Experimental Cusine


“The hotel gives us the luxuries to have a bigger budget to be able to experiment more with ingredients and equipment…" - Chef Brett Sparman, Executive Sous Chef of Nana at the Hilton Anatole, Dallas

By Heather Sperling
May 2007

Dallas convention-goers aren’t dining on what you’d expect. Picture, if you will, a white tablecloth restaurant on the 27th floor of a hotel, upholstered in the familiar monotone rainbow of tan, taupe and cream. In the past one would expect a repertoire of French standards to follow, but the menu, reading "Blis Smoked Steelhead Caviar, Green Apples Cru, White Apple Soup, Wild Rice Popcorn," is not your average fare for a Texas Hilton’s fine dining outlet.

Anthony Bombaci's cuisine is among the most experimental in the country – so why is it being served with a backdrop of a convention hotel? In the realm of experimental cuisine, sensory deception – a purposeful disconnect between appearance and substance – is a familiar ruse. In the sense that appearances deceive, Nana could be said to epitomize avant garde dining. By all appearances, it's an anomaly, but in actuality, it's a bright point on the map for boundary-pushing cuisine, and an example of the freedom available in a new hotel setting where operators are less interested in profit, and more in the quality being delivered.

Though it is not the hotel’s full-service outlet, there is a private party or banquet every day and the restaurant is equipped to accommodate well over 300 people. The weeknight average is 80 covers, and the weekend is 150, plus private parties, making for a sum total that few restaurants of similar mind have to handle, particularly for a restaurant whose technique – from prep to plating – is so detailed.

If Nana were a free-standing restaurant, chances are they would have savvier clientele. The upside to being rooted in a hotel, particularly one as large as the 1600-room Dallas Anatole Hilton, is a budget for experimenting with ingredients and tools that most chefs only dream of. "For the most part we're able to get the things we need, whereas a free standing restaurant doesn't have all those luxuries," Sparmin says. "We are able to work with the best products and gadgets." From the Hilton’s perspective, Nana is a draw for diners who wouldn’t normally venture to a hotel for fine dining. It’s a symbiotic relationship in which Bombaci makes a compromise most experimental chefs would frown upon: banquets. But in return, he’s running a chef-driven concept that’s all his own, with the resources of a restaurant like L’Atelier or Guy Savoy.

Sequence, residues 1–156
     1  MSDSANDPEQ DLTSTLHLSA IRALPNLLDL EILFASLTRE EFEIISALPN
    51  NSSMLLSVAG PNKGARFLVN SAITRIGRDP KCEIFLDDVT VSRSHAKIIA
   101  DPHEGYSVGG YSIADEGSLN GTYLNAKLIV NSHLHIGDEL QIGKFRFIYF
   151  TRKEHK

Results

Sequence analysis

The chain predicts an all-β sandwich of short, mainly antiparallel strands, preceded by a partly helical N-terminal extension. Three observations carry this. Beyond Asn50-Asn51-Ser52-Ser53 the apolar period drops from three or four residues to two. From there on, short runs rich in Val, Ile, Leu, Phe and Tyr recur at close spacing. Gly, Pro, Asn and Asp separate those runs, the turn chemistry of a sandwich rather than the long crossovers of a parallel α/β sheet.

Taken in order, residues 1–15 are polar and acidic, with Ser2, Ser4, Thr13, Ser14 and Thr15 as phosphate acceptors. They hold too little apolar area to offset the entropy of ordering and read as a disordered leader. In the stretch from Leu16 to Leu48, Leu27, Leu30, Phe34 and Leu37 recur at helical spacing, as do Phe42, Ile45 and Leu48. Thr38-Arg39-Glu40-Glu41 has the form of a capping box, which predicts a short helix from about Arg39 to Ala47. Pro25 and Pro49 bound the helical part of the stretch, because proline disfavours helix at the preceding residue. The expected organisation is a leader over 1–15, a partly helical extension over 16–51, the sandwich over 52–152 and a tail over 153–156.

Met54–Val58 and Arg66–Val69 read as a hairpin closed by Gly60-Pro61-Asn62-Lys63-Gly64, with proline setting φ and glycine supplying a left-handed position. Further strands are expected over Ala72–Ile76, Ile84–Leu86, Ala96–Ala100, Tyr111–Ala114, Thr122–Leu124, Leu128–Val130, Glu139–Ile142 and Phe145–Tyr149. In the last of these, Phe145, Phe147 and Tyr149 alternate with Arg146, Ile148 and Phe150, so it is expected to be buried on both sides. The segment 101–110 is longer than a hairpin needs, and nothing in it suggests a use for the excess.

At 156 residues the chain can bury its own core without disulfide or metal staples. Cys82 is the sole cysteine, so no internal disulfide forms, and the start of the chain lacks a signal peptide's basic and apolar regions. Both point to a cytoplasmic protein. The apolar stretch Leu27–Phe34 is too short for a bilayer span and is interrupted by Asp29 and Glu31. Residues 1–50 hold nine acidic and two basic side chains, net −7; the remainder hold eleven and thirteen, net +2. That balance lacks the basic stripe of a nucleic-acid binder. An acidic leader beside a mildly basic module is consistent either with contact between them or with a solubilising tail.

Peter Rudolph at Campton Place in San Francisco enjoys similar creative autonomy, thanks in part to the long legacy of renowned chefs that have run the kitchen – Bradley Ogden, Laurent Manrique, Daniel Humm. The premium has always been placed on the cuisine; benefits for the guest ideally follow. Rudolph balances demands by running two outlets – the formal, 62 seat dining room, which does 80 covers on an average weekend night, and a more casual bistro-style bar serving sandwiches, roast chicken, fish and pasta with good wine. On the benefits of being in a hotel, Rudolph says: “our dry store is probably bigger than most independent places. I have so much available and I’m able to make it available to a guest, even if it’s not on the menu.”

At The Dining Room at the Ritz-Carlton in Buckhead, Atlanta, Chef Arnaud Berthelier has a veritable playground. Corporate funding, unlimited resources, and the cachet of a long history of culinary excellence (Gunter Seeger, Joel Antunes) have embedded the restaurant’s name in the vernacular of fine dining. Mandarin Oriental Hotels, with Cityzen in DC (run by French Laundry-alum Eric Ziebold), Asiate in New York (Noriyuki Sugie), and Silks in San Francisco (Joel Huff), tell a similar story. Clearly the experimental, chef-driven restaurant is of value to the hotel, and there is some amazing food being generated by chefs who balance the responsibilities incumbent in a hotel setting for the sake of financial resources. But only time will tell how sustainable they are in the context of other trends – and in the context of the general shift from fine dining to upscale casual and comfort.

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Blis Smoked Steelhead Caviar, Green Apples "Cru," White Apple Soup, Wild Rice Popcorn
Chef Anthony Bombaci of Nana – Dallas, TX
Tuna Tartar
Chef Anthony Bombaci of Nana – Dallas, TX
Asparagus Cured Egg
Chef Peter Rudolph of Campton Place – San Francisco, CA
Avocado Parfait, Coconut Carrot Ravioli, Tangerine Sorbet
Pastry Chef Boris Portnoy of Campton Place – San Francisco, CA